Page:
Hard work and desire to improve key for first female chair of CMI in the north

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    Gemma Jordan

    THIS week’s High Flyer is Gemma Jordan, senior relationship manager at Ulster Bank and the the first ever female chair of the Chartered Management Institute in Northern Ireland.

    What was your first job?

    When I was 15 I worked in an ice cream shop for six hours on a Saturday at £2.50 an hour. I usually had my pay spent before I made it home.

    What qualifications do you have?

    I received a first class honours degree in Sociology & Economics from Queens and then trained to become a chartered accountant, qualifying in 2011.

    Continuous professional development is really important to me and it’s also heavily promoted by Ulster Bank so I am always ‘sharpening the saw’. At the moment, I am participating in an Ulster Bank pilot scheme to gain a diploma in Strategic Management and Leadership with Chartered Management Institute and eventually become a chartered manager. I am also completing a diploma in lending skills with Chartered Banker Institute as part of my new role, senior relationship manager.

    What do you attribute to your success?

    I would say there are three key elements:

    The team – having a team of people working together, supporting each other and sharing best practice provides the motivation and determination for everyone to succeed together.

    Hard work – there are no short cuts. I like that saying: the harder I work the luckier I get.

    Great leaders – leadership is recognised in Ulster Bank as having the single biggest impact on performance and I have had the privilege of working for some fantastic leaders that have given me the skills, support and confidence to push myself further than I thought possible.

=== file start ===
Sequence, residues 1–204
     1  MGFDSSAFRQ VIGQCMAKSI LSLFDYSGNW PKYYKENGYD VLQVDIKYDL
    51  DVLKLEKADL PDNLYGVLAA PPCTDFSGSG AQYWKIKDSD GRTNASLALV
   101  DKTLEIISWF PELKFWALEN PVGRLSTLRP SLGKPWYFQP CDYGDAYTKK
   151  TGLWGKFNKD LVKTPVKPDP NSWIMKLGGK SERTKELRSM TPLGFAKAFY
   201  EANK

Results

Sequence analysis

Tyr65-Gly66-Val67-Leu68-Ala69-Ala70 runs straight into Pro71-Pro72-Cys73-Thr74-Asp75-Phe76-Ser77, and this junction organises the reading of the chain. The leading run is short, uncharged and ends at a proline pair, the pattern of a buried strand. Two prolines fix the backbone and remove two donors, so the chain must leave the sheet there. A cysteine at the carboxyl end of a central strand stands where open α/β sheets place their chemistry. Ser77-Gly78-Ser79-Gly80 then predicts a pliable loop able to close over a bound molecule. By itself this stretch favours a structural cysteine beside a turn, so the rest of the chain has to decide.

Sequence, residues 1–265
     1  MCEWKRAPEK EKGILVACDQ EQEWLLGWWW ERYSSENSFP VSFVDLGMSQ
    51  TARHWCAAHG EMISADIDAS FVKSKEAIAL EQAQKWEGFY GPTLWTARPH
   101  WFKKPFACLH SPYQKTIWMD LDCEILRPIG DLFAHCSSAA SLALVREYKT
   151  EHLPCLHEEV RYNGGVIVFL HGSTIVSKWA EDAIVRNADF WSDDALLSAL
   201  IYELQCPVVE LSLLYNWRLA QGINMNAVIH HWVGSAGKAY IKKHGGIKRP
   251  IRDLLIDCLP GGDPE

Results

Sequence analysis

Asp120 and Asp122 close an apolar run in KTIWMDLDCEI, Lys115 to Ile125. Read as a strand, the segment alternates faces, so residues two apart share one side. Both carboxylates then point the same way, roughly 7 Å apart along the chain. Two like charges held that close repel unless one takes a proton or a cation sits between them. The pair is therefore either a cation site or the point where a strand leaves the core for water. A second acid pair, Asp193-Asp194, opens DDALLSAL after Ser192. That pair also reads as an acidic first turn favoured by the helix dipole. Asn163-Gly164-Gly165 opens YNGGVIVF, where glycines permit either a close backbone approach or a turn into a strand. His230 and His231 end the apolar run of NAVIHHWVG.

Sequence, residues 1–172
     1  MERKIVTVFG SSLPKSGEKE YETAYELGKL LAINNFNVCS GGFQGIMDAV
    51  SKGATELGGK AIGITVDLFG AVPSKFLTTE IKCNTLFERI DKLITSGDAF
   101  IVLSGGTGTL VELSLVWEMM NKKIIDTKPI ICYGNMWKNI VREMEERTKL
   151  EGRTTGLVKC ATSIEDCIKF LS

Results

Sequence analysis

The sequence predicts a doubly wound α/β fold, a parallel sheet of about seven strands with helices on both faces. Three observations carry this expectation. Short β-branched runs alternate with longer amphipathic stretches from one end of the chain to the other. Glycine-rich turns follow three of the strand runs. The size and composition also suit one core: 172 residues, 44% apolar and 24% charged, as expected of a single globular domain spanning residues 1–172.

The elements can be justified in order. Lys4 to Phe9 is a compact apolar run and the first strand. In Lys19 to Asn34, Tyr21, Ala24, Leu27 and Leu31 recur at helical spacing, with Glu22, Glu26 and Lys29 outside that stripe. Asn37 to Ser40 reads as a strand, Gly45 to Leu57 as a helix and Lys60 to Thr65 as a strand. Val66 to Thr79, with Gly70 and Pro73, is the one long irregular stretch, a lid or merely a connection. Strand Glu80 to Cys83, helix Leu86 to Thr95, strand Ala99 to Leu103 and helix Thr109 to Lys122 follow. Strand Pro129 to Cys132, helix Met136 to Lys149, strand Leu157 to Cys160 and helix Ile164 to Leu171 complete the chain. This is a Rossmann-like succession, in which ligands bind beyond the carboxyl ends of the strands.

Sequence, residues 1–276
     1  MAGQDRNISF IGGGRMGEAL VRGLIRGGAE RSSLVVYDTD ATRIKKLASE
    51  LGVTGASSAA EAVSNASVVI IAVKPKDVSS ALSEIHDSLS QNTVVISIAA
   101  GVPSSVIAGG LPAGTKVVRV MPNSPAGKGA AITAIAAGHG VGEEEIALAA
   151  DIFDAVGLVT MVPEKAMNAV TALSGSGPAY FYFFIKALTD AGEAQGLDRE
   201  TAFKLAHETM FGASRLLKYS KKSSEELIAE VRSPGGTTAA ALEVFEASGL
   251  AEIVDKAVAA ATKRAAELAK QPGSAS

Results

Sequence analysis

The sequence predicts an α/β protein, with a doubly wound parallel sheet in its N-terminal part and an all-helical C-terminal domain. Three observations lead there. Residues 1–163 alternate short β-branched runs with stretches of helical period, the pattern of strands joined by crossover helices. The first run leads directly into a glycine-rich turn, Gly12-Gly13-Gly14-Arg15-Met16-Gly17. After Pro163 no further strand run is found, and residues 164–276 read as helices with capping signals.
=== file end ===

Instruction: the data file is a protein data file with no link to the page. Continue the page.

How would you describe yourself next to someone you have never met?

    I am focused and I get stuff done, but I like a bit of banter along the way.

    Who do you look up to in business?

    I admire many different leaders, but I recently read about the late founder of Ikea, Ingvar Kamprad and I really admire his knowledge of his customers and commitment to his core values.

    How do you get the best out of people who work for you?

    I work with so many very talented people and I aim to make sure that people feel valued and are aware of the trust and respect I have for them. Communication and support are really important too – ensuring we are all clear on goals and realistic about expectations and that mutual respect is demonstrated.

    If you could change one thing about doing business in Northern Ireland, what would it be?

    I would inject more confidence into the business community. We have a highly skilled workforce in Northern Ireland thanks to our great education system, and we are global leaders in key sectors of our economy. If we dared to think bigger then I’m sure we could be even stronger.

    What website could you not live without?

    I am a shopaholic so Shopstyle and eBay are practically worn out on my phone.

    What is your greatest passion outside work and family?

    Box sets! I have an unbelievable ability to binge watch TV. I enhanced this skill on maternity leave when I watched 13 seasons of Greys Anatomy back to back. I was convinced I could perform brain surgery by the end of it.

    What advice would you give to someone starting out in their career?

    Never be afraid to ask if you want to do something, the worst you will hear is no.

    What is your career highlight so far?

    Being the first female chair of the NI Regional Board for Chartered Management Institute is something I am really proud of.

    What was your last book you read?

    After the kids go to bed I’ve been enjoying reading Leaders Eat Last – Simon Sinek.

    If you could swap jobs with someone for the day, who would it be and why?

    Donald Trump –I think I could do a better job than him. I think most could.

    Have you any unfulfilled ambitions?

    I would love to be considered as a role model for young women who want to aim high, smash those glass ceilings and work to change mind sets to achieve goals. I am still working on this myself, but making good progress so I hope it’s an ambition that I can fulfil.